APHIS (Animal and Plant Health Inspection Service) Veterinary Services’ National Animal Health Monitoring System (NAHMS) launched the studies in conjunction with the National Agricultural Statistics Service (NASS).
The work focuses on antimicrobial use and stewardship practices at both beef and swine facilities, said a USDA spokesperson
The trials will focus on providing information to set a baseline for the use of antimicrobial products before the change in US Food and Drug Administration (FDA) policy, said a spokesperson with the USDA. “These activities will add to our understanding of antimicrobial use in veterinary medicine and animal agriculture, especially as they relate to judicious use and stewardship,” she added.
“These studies represent a new data collection and reporting effort for NAHMS and were first proposed in the USDA’s Antimicrobial Resistance Action Plan released in 2015,” the spokesperson told FeedNavigator. “This plan specifically called for enhanced monitoring of antimicrobial use in food-producing animals.”
“The 2017 studies will gather information on antimicrobial-use practices in 2016, before implementation of FDA policy changes,” the spokesperson said.
Both studies are set to run from May through August, said the US Department of Agriculture (USDA). Work with data collection for both feedlots and swine facilities is expected to be repeated biennially.
Feedlot and swine data specifics
The feedlot project will look to describe how antimicrobials are used in feed and water in facilities that have at least 50 animals, the department said. And, establish better estimates for the percentage of feedlots using, or cattle receiving, a specific antimicrobial in feed or water.
In swine, the data collection project is expected to cover how and when antimicrobial products are used in feed or water at facilities with at least 1,000 weaned pigs, the department said. And, to allow for estimates to be made regarding both the amount of production sites using a specific antimicrobial along with the percentage of weaned market pigs receiving different products and why they were used.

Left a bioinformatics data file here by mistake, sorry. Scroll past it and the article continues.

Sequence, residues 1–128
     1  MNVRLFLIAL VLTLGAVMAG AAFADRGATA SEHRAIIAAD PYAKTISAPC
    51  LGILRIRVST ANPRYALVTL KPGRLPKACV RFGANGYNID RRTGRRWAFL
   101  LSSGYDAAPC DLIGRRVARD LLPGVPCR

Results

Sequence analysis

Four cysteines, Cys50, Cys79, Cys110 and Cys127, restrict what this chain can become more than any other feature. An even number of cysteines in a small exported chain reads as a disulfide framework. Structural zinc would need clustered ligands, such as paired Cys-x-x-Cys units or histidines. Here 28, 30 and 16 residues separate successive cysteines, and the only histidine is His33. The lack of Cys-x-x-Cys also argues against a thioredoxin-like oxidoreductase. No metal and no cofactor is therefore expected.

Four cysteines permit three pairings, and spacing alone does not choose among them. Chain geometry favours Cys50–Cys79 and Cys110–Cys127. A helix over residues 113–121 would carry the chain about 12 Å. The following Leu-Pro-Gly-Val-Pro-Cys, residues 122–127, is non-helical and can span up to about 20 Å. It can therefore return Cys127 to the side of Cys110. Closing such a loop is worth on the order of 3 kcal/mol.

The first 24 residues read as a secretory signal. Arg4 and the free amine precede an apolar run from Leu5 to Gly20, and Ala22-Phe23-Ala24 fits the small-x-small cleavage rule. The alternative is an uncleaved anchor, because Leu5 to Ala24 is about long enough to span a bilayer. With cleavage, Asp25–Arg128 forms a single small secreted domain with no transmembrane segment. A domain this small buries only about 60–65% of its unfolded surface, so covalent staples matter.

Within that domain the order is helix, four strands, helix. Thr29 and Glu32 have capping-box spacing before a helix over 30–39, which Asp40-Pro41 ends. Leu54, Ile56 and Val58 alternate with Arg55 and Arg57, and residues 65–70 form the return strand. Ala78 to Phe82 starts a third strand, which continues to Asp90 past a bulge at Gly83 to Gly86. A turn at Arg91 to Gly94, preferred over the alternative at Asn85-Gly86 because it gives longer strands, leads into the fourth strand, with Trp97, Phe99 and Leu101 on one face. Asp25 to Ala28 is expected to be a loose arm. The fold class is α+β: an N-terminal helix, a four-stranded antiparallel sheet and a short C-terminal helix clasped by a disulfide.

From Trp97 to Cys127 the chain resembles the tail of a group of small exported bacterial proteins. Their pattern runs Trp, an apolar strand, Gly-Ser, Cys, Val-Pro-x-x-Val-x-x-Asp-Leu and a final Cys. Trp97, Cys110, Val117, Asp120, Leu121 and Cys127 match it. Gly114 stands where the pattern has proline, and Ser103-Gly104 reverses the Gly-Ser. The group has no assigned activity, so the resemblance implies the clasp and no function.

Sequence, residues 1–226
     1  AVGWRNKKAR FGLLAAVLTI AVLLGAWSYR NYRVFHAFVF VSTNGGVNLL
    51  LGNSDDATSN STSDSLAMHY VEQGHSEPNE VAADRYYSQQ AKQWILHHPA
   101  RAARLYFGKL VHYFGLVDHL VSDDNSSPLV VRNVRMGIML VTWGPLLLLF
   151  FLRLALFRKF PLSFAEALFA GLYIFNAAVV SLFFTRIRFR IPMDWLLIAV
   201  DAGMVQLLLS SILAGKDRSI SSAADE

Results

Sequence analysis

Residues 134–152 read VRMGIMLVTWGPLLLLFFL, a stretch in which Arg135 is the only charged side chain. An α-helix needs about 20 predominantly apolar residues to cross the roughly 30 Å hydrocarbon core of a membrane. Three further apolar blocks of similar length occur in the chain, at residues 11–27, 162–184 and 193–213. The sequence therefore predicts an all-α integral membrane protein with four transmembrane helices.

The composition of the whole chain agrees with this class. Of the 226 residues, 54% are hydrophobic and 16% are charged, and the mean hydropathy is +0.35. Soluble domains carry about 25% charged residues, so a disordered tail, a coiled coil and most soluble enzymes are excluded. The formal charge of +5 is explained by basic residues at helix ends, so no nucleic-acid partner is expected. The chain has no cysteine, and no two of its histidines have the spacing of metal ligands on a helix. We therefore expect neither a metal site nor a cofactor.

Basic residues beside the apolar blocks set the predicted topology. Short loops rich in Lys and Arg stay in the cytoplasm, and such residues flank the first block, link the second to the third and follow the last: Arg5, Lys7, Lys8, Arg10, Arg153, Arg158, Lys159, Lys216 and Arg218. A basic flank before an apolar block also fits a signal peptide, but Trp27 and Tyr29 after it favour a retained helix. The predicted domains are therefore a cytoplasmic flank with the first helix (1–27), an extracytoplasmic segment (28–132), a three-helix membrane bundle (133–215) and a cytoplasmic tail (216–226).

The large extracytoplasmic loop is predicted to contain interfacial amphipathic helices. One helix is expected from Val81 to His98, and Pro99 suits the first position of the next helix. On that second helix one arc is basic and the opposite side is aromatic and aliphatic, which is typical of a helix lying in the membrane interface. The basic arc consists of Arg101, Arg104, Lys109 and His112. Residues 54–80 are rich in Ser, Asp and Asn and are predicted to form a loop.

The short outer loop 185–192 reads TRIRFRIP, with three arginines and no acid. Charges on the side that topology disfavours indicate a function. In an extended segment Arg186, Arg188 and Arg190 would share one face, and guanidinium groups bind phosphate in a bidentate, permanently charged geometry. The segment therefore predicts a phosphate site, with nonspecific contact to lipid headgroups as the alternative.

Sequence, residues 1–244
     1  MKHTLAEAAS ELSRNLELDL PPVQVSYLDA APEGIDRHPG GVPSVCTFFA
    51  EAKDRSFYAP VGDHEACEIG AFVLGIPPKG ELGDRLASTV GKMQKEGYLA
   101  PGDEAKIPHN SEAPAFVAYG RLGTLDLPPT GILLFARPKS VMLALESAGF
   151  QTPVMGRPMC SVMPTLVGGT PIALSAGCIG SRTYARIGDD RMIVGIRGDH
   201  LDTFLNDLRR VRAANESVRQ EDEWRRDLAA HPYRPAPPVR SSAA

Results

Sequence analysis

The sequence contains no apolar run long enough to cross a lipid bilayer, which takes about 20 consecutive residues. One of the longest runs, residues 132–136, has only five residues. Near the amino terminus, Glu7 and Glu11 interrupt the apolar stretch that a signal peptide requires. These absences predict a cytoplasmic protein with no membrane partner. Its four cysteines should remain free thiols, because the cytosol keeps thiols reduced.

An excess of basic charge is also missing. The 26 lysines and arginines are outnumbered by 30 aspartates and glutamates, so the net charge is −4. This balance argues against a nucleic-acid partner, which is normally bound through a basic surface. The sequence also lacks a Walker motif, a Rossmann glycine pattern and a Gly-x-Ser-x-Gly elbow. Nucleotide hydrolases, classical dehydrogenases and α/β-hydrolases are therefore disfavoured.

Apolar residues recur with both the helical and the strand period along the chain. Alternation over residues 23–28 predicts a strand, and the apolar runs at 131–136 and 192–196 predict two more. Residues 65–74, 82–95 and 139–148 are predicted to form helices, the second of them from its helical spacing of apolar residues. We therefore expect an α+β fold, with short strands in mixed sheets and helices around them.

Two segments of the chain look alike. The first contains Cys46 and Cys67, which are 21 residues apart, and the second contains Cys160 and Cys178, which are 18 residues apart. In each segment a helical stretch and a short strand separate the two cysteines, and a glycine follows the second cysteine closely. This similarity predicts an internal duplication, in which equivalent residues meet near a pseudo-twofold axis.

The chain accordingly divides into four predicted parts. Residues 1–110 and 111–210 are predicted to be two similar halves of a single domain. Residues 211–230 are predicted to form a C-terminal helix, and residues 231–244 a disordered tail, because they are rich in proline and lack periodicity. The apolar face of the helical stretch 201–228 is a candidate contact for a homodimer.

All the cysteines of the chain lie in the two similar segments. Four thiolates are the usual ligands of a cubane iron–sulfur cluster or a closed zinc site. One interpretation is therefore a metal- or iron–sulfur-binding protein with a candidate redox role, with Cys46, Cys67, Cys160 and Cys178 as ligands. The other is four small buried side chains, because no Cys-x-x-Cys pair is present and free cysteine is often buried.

However, the data collected will be used for statistic purposes and only summary estimates will be reported, the department said.
“This baseline can be used for evaluating trends over time,” the spokesperson said.
The data collection projects are intended to bring several benefits to the US beef and swine industries, said the USDA.
“The information on antimicrobial-use practices gathered through these studies will provide transparency to consumers and others regarding why antimicrobials are used in feed and/or water,” said the spokesperson. “The studies will also describe antimicrobial stewardship practices, providing a national snapshot of things like recordkeeping related to antimicrobial use and whether a veterinarian was consulted when making the decision to use antimicrobials.”
Additionally, they will offer a look at the overall percentage of facilities that may use a specific antimicrobial product in feed or water, the spokesperson said.
For beef producers the data produced is designed to generate information on practices involving the use of antimicrobials products and allow for improved transparency for consumers and others on why the produces were used in cattle feed or water, said the department.
In addition to providing more information for stakeholders interested in why antimicrobial products are being added to swine feed or water, the study details will offer information on practices and expert involvement, the department said.
Study participants from feedlots with at least 50 animals stem from 14 states ranging from west coast states, like California, Washington and Oregon, east into Pennsylvania, said the USDA. Participating producers will be asked to provide information regarding their stewardship practices and antimicrobial use.
Participants from swine nursery and grower-finisher operations will be selected from a 13-state region, including Utah, Nebraska, Kansas, Iowa, Illinois and North Carolina, said the department. Similarly, they will be asked about their use of antimicrobial products and stewardship habits.
In May, work on the studies started by asking producers meeting the criteria to take part, said the department. Starting in July, in-person interviews are set to be scheduled and data collection is expected to be complete by August.